In Florida, as in the rest of the country, selling drugs is a crime. Depending on the type of substance involved, the offense can be charged as a third-, second-, or first-degree felony, each carrying severe conviction penalties, including incarceration.
What if drugs were being sold out of your home, but you weren't the one doing the actual selling? Can you be charged for that? And can you go to jail for such conduct if it is a crime?
The answer to those questions is "yes." Yes, you can be criminally charged if someone used your home for a drug-selling operation. And, yes, you can be incarcerated for this type of conduct, but it won't be jail the court may send you to; it will be prison.
Possessing a Place for Drug-Related Offenses
Florida has a law that makes it a crime for a person to be in actual or constructive possession of a place that's used for drug-related offenses. Actual or constructive possession means that the individual can exercise personal control over the place, whether they were physically at the location or elsewhere. The law applies to not only selling drugs from a place, but also to trafficking in or manufacturing drugs.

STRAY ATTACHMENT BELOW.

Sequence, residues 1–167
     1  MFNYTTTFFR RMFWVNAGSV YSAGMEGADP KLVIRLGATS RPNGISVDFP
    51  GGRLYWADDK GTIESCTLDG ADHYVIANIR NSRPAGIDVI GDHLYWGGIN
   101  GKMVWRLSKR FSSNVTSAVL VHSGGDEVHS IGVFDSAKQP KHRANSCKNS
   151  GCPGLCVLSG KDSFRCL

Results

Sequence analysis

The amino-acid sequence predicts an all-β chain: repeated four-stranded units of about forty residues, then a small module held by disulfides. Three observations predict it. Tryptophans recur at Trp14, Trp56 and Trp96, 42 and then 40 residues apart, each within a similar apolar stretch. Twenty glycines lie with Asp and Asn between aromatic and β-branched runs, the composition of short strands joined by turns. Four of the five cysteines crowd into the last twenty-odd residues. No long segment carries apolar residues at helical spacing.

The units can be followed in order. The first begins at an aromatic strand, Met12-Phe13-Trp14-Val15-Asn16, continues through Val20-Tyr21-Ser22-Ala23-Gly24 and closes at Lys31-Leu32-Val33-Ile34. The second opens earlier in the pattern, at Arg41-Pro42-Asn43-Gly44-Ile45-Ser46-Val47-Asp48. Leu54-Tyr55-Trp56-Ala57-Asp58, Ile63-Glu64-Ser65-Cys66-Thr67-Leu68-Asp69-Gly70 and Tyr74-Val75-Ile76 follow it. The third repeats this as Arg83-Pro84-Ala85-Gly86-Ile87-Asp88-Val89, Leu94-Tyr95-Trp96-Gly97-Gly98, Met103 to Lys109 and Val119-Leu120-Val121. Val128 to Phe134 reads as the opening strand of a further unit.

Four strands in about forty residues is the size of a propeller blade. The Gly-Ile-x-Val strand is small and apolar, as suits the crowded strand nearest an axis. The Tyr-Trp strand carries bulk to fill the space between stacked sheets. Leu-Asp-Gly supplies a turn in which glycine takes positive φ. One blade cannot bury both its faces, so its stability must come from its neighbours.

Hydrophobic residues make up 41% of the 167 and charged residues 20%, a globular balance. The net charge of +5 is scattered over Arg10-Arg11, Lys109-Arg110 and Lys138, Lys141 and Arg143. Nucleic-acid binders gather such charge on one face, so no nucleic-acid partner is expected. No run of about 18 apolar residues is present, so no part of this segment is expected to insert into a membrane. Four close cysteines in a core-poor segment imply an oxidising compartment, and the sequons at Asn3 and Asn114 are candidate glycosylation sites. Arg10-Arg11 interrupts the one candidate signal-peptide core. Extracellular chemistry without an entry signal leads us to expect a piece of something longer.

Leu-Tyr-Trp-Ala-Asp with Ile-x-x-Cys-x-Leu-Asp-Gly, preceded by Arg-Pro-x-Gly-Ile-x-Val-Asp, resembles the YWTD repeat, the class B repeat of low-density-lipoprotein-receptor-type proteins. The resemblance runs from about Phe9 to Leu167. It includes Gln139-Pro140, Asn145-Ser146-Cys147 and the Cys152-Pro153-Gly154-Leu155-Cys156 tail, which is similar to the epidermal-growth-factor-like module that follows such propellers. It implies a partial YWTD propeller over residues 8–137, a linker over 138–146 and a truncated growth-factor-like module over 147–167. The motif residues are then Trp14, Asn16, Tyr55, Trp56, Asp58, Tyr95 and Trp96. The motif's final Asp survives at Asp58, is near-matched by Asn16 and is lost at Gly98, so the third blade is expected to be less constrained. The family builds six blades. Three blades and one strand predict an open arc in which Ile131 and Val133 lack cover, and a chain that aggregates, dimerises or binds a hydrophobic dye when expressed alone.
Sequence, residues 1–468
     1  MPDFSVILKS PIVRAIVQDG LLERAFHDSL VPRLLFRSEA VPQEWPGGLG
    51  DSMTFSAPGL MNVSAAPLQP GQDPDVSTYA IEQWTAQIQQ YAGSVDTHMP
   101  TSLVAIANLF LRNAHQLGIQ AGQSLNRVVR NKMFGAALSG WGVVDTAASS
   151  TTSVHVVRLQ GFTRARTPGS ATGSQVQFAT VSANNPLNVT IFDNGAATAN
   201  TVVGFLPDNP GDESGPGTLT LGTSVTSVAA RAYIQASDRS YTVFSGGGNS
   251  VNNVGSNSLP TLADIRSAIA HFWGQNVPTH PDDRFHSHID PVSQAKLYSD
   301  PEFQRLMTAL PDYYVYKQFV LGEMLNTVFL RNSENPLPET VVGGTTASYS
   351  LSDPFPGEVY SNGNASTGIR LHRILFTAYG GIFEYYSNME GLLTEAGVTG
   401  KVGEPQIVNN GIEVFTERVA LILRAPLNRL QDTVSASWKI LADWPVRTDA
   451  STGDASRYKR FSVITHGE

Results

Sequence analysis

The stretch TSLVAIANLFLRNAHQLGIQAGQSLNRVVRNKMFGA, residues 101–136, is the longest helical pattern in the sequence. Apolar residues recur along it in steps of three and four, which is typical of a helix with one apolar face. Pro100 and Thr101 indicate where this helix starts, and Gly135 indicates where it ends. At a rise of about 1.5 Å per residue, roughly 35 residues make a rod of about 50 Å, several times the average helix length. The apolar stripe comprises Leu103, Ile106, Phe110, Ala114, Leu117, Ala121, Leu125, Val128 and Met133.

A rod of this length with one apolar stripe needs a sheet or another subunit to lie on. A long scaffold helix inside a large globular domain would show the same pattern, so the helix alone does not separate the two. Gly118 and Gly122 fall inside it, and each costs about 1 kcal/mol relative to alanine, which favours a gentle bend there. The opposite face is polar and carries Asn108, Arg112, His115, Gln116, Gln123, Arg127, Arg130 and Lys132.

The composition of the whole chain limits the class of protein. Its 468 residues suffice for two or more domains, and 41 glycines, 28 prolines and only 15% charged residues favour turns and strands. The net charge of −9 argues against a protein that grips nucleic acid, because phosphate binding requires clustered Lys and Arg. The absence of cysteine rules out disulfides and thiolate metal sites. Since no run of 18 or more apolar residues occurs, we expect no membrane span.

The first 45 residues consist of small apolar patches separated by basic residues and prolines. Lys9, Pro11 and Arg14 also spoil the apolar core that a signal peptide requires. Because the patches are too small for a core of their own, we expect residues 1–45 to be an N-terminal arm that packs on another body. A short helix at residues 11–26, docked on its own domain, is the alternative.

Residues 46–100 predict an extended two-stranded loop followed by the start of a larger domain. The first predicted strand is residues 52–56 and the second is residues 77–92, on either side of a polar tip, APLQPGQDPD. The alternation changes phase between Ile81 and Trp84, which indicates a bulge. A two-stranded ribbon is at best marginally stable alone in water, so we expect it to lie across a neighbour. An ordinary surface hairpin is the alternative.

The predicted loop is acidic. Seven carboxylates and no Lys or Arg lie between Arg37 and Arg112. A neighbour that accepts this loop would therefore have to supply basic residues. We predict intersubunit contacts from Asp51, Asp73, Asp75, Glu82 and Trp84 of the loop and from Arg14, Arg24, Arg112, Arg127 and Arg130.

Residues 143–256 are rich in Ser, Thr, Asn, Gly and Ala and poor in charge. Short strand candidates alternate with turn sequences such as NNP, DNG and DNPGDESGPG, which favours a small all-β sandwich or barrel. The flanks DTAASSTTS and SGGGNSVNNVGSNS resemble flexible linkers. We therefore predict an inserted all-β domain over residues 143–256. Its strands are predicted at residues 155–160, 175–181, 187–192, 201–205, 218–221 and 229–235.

For you to be convicted under the statute, the State must prove beyond a reasonable doubt that you knowingly had possession of the place and knew that it was being used for selling a drug or drugs. Thus, if you owned the home but were unaware that someone was selling cocaine from it, you likely would not be found guilty of the offense. But if you allowed the sales to occur, you may be harshly penalized.
Penalties for Possessing a Place Used for Drug Sales
As we clarified earlier, upon a conviction, you won't be sent to jail for knowingly allowing someone to sell drugs from your home; you'll be ordered to prison time. That's because this offense is always a felony, though it varies in degree.
The specific amount of time you could be incarcerated depends on the nature of the offense:
- If you owned, leased, or rented a place used to sell drugs, you may be convicted of a third-degree felony, which carries a prison sentence of up to 5 years.
- If you were in actual or constructive possession of a place used to sell drugs, you may be convicted of a second-degree felony, punishable by imprisonment for up to 15 years.
- If you were in actual or constructive possession of a place used to sell drugs and children were present, you may be convicted of a first-degree felony, which is penalized by up to 30 years of imprisonment.